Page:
By Ashoka Mukpo |
* A report released by Global Witness late last year alleges that Liberia’s forestry laws are being “hijacked” by logging companies.
* These logging companies can potentially put vast areas of Liberia’s remaining rainforests at risk of large-scale deforestation.
* There’s historical precedent for the concerns under the current law: in 2012, Liberia was rocked by a scandal over permits meant to enable private landowners to enter into logging agreements with outside parties.
When Liberia emerged from its civil war in 2003, one of the first major acts of its national legislature was to reform the laws that governed logging and forestry in the small West African country. Illicit logging had played a critical role in prolonging the bloody conflict, providing militia groups with a hard-to-trace commodity that could be easily exchanged for cash and arms on opaque international markets.
Advocates hoped that the new laws, widely considered to be among the most ambitious in Africa, represented a clean break from the country’s history of exploiting the resources of forest communities without giving them much in return.
One of the most progressive components of the reform was a law that allowed those communities to take the lead on managing large tracts of remote forests. It established steps by which a community could apply for and obtain a permit that would allow it to make decisions about one of those forest areas, including entering into direct agreements with logging companies if they chose.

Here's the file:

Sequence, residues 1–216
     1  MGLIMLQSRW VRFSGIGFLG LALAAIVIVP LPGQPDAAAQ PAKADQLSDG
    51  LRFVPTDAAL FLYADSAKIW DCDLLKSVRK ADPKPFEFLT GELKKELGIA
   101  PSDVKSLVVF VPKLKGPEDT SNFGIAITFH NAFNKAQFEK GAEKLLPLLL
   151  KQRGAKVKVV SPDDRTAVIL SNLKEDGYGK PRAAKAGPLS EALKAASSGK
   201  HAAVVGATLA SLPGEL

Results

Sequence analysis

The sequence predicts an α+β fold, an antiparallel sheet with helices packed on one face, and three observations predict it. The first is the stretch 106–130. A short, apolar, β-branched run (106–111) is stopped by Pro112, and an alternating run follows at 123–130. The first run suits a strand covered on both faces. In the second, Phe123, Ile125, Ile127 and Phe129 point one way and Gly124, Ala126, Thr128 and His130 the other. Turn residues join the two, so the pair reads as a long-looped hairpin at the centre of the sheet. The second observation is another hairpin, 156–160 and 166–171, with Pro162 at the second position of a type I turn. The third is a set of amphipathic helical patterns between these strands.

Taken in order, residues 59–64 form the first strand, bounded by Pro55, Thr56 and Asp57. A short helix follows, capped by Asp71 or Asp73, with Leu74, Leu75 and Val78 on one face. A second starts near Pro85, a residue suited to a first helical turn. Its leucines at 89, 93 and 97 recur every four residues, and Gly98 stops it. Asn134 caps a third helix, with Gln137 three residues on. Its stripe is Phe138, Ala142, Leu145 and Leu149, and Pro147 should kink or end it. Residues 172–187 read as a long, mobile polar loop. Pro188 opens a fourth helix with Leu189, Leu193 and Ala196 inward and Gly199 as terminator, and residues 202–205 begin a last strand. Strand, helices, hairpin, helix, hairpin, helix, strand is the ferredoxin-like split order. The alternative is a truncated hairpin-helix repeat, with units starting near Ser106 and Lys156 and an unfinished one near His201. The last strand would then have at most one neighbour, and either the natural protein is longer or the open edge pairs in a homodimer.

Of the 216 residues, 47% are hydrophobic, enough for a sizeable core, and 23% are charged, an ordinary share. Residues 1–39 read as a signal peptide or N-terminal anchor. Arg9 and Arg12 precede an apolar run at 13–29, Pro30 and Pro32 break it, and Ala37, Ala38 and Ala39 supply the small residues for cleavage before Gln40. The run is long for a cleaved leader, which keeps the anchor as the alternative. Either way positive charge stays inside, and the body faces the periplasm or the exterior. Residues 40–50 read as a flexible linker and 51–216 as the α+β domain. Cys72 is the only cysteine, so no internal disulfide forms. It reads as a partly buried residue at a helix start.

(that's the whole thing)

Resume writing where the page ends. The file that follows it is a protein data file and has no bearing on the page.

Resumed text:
But a report released by the international watchdog Global Witness late last year states that in practice, the law is being “hijacked” by logging companies, potentially placing giant swaths of Liberia’s remaining rainforests at risk of large-scale deforestation.
“A forestry initiative that puts nearly half the country securely in the hands of local communities should be a good news story,” said David Young, the report’s author. “But if it actually leads to these forests being handed over to rapacious logging companies then that’s a disaster for Liberians and a disaster for the climate globally.”
Under the law, communities seeking a “Community Forestry Management Agreement” have to go through nine steps to acquire their permit, including agreeing on the boundaries of their forest with neighboring towns, and establishing formal decision-making bodies. Those bodies are intended to be democratic and widely representative, and the law stipulates that any agreement made with a company prior to the conclusion of the application process is illegal.
But according to the report, a moratorium on large-scale logging concessions — which require timber companies to undertake costly and laborious negotiations with the national government — has prompted those companies to target community forests as a backdoor to lucrative commercial exploitation.